We recommend backing the original file up before proceeding further, which will allow you to restore the original if it becomes necessary.

Locate the text “default_value”, which comes right after “machine_disallowed_areas”, and delete the values between the brackets.

Before -> “machine_disallowed_areas”: {

“default_value”: [

[[-117.5, 117.5], [-117.5, 108], [117.5, 108], [117.5, 117.5]],

[[-117.5, -108], [-117.5, -117.5], [117.5, -117.5], [117.5, -108]]


After -> “machine_disallowed_areas”: {

“default_value”: []},

Finally, save the definition file with the changes you have performed, and restart Cura.

When you complete the entire process of removing the print area limitations, you should be able to scale the X and Y dimensions of any model of your choice up to 235 millimeters, and Cura will allow you to slice it without any problems.

For best results, we highly recommend against scaling your model all the way up to 235 millimeters and considering 230 millimeters to be the absolute maximum instead (unless you’re an experienced user that is prepared to deal with the potential issues that can arise), which will still give you an extra 5 millimeters on each side yielding a 9 percent increase on the default build area.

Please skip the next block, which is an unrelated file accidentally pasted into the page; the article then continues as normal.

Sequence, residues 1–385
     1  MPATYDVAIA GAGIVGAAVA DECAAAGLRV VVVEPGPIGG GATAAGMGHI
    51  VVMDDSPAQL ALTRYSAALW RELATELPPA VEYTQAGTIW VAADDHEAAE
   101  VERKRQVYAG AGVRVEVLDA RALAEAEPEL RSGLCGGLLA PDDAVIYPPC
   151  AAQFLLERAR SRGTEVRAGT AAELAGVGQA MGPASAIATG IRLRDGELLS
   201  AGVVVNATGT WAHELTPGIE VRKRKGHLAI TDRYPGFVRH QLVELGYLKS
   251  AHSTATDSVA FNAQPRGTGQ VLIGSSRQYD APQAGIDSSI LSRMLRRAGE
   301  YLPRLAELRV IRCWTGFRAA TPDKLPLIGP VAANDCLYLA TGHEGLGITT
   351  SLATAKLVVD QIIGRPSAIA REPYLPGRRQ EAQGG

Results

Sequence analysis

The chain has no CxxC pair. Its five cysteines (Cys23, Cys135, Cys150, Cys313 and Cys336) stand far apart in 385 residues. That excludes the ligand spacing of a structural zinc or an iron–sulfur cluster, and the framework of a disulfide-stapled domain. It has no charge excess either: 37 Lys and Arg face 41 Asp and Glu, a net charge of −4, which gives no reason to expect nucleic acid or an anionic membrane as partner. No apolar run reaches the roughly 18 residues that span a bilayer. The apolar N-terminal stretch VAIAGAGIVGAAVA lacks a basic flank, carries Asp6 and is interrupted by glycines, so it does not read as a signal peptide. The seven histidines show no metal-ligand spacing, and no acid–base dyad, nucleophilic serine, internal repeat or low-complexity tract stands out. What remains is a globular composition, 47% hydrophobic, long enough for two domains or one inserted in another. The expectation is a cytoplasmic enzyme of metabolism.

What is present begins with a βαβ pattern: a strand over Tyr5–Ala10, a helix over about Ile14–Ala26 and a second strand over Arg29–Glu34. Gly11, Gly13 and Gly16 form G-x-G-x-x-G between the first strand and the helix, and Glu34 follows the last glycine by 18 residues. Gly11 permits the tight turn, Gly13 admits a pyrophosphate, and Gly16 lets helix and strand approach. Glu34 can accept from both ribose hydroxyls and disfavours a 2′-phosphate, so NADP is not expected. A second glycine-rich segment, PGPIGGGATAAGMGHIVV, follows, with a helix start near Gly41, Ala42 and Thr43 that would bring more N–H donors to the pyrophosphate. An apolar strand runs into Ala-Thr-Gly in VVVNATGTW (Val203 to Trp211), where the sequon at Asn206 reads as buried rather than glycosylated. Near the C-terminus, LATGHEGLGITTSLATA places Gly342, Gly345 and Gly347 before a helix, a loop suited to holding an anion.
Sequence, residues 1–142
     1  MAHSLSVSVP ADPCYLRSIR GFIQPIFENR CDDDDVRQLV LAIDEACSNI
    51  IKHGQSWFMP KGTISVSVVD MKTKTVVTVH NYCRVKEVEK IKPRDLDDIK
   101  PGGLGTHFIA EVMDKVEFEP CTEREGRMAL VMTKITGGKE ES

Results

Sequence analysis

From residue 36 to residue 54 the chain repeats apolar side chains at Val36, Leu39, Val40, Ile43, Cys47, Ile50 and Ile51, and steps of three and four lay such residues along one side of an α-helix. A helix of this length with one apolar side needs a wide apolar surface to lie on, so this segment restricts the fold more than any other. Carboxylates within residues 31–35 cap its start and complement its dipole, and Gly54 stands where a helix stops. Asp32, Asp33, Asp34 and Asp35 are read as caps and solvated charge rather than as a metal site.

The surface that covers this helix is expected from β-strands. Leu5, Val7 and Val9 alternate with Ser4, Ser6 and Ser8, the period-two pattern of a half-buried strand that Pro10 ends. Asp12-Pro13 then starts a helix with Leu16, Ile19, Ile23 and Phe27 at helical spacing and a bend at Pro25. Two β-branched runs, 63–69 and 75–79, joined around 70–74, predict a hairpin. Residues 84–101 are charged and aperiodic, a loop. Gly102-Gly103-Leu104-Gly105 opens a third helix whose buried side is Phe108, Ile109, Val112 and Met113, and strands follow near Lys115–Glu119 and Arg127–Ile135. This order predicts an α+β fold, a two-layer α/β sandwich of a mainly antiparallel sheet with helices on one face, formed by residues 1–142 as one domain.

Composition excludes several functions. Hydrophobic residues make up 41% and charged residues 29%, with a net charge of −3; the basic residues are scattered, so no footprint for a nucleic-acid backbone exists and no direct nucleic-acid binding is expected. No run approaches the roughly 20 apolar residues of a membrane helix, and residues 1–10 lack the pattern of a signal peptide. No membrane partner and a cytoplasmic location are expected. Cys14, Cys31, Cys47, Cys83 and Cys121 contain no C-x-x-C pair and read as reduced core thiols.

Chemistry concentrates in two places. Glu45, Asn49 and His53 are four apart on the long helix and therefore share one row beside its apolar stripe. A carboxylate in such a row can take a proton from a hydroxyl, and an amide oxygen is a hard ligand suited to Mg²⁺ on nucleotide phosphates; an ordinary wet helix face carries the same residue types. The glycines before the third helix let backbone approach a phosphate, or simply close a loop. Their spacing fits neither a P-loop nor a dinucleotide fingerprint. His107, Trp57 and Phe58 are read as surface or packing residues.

It goes without saying that you should ensure that there are no physical factors that limit the actual build area when using this method, such as clips that attach the stock build plate to the print bed, as attempting to print in such a scenario will cause print failure, and potentially even damage the hardware of your Ender 3 due to the removal of the safety measures that would prevent such a situation from taking place.

How to Increase the Print Volume (Bed Size & Height) of the Ender 3 (Pro/V2)?

While rare, there can definitely be cases where the maximum build volume that the Ender 3 offers becomes wholly insufficient, which, at first glance, can make you think that you will need a new 3D printer suitable for the task.

Fortunately, increasing the print volume of your Ender 3 is entirely possible by utilizing hardware modifications, known as extension kits, which include all of the necessary wires, belts, frame components, build plate parts, and practically anything else required for the process.

While the exact print volume you will obtain is dependent on the particular kit, as it’s possible to find different kits that offer distinct levels and directions (for instance, some kits only increase the height) of size increases, we have utilized kits that take the Ender 3’s build volume up to 400 x 400 x 500 mm without any issues.